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Jon Wilkin relishing Bulls date
JON Wilkin will wear the captain’s armband on Saturday as Saints seek their first win at Odsal since 2010.
Even before he knew he had been given the skipper’s role, Wilkin was already taking with relish about the game against the Bulls.
It is a fixture – not always for the right reasons - that has often given the ball handling back rower something to remember it by.
Wilkin recalls: “I have been sent off twice in my career and both times it was Odsal. I think the Bradford fans must hate me.
“It is always a tough, tight physical game there – and I see it no different this week.
“The pitch is always a little bit heavier under foot and so field position will be vital.”
Saints slumped to a 12-8 defeat last year, on a dismal day that marked the end of Royce Simmons’ time in charge of the club.
The previous year it took a late Jamie Foster penalty to snatch a draw, with Saints’ last success being the 38-6 triumph in 2010.
Wilkin scored that afternoon in a game that was personal triumph for four-try Paul Wellens.
With Saints yet to really hit their straps this year after a mixed bag of results, they will head to Odsal with a certain degree of caution.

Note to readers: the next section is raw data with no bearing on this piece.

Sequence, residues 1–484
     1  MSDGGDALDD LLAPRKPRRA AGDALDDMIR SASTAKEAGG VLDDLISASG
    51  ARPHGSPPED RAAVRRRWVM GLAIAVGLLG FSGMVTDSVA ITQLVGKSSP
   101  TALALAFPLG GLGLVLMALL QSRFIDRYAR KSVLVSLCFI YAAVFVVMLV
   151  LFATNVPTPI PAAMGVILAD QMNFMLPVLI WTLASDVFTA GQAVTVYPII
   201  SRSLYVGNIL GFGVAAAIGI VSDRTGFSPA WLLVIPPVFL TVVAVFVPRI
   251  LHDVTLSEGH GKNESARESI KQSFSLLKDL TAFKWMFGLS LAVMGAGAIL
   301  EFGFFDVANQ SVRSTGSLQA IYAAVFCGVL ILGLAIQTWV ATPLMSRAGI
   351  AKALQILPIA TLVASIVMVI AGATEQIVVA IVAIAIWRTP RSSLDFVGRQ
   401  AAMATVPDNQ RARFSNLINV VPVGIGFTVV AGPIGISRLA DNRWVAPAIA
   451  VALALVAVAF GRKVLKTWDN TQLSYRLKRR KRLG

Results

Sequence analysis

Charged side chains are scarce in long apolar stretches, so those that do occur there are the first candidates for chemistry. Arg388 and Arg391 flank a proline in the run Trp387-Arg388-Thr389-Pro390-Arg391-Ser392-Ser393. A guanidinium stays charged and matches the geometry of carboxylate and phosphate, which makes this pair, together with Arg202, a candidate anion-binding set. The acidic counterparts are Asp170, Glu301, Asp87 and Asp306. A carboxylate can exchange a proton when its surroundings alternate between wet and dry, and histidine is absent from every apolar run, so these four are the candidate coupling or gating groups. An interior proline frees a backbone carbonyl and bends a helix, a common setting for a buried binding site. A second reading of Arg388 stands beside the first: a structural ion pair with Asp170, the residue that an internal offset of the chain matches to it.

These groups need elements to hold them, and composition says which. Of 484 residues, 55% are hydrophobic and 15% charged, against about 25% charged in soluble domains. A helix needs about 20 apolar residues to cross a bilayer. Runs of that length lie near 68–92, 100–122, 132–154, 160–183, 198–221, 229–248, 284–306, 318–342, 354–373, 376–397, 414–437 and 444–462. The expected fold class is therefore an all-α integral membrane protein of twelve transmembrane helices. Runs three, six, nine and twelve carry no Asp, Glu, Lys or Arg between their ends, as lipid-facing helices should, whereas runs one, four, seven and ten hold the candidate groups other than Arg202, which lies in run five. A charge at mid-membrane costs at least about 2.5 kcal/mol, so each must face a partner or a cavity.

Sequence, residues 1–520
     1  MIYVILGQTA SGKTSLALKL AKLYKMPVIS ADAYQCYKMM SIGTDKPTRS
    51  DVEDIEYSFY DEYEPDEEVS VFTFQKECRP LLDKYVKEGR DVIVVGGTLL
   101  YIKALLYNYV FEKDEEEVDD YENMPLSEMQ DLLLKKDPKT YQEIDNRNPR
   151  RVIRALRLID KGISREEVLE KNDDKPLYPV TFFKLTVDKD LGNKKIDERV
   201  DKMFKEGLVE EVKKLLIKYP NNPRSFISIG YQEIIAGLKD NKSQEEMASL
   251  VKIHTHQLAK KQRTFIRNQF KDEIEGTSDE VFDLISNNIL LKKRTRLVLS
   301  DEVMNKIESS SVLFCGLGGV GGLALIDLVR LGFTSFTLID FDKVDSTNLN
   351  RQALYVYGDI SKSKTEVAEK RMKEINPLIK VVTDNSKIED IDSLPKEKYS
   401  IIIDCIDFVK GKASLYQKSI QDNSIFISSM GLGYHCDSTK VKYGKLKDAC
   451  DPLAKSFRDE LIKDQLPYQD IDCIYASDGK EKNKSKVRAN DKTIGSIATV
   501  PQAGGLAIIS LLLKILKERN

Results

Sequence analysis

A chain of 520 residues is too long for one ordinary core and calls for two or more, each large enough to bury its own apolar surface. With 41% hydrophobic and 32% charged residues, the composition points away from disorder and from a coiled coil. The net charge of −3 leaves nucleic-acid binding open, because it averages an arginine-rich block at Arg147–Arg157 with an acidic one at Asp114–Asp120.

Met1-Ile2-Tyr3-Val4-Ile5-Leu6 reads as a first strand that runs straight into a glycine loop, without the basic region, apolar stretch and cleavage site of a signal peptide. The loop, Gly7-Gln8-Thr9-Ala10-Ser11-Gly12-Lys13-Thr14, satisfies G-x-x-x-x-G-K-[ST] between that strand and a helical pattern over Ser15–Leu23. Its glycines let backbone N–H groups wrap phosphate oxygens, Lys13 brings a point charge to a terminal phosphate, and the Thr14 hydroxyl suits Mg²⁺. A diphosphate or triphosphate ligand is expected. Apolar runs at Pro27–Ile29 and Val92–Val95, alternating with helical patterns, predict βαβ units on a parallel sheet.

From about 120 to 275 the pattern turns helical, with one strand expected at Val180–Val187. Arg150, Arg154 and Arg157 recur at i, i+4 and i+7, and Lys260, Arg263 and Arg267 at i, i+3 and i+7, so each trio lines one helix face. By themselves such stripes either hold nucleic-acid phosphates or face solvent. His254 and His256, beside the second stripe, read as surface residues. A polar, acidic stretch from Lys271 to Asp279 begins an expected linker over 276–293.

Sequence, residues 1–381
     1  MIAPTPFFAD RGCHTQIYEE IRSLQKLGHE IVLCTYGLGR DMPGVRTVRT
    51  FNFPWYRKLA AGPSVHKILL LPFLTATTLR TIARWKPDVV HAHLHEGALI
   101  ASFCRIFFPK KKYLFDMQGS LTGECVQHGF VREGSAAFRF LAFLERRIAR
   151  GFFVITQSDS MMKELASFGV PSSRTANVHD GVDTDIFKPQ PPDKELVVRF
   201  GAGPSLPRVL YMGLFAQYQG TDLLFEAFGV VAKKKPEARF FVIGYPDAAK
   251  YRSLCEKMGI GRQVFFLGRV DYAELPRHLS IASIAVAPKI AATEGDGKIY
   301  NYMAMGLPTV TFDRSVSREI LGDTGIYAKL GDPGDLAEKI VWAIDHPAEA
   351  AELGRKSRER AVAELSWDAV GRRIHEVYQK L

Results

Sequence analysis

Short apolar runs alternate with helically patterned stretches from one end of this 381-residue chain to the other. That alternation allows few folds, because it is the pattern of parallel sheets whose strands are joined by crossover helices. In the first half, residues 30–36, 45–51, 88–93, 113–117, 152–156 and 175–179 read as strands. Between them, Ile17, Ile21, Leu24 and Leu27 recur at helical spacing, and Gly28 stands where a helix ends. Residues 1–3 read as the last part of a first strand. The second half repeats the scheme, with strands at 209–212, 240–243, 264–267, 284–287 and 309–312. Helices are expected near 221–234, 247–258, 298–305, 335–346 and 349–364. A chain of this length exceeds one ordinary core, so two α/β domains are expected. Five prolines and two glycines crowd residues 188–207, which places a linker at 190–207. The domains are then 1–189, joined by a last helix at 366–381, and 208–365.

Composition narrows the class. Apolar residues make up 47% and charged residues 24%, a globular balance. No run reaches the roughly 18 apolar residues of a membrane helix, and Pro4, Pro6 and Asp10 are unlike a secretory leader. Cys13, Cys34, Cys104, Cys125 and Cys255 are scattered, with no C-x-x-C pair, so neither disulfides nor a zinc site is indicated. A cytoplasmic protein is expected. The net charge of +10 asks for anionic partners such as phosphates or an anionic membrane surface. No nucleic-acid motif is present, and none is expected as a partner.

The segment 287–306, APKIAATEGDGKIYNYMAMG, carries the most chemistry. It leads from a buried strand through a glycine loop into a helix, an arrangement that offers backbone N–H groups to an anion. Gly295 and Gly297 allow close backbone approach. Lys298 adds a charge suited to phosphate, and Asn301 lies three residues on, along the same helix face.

Where and how Wilkin plays on Saturday will be revealed when the game gets under way, but last weekend it was clear that coach Brown wants him in one of the pivot roles.
Wilkin was probably Saints best player, making 48 tackles and yet still being able to guide Saints around the pitch with, particularly in the first half, a good kicking game.
Wilkin said: “My job is constantly changing - I don’t know if I am playing the same role two weeks in a row.
“I am one of the moveable parts in the team. I enjoy that and embrace different facets. I like being on the ball but also doing the work rate.”
Wilkin believes aspects of Friday’s game will have taught the team a few lessons, particularly about the sanctity of possession.
He said: “We were relatively dominant in the first half but then showed if you don’t get the ball how difficult it is to get the result.
“The second half we just didn’t get the ball and when we did it was off the back of Hull having three or four sets on the bounce against us.
“Eventually that pressure told with the Richard Whiting try.
“It was disappointing because it is a game we should have won, but it is not a bad lesson to learn - you don’t win games without the ball.”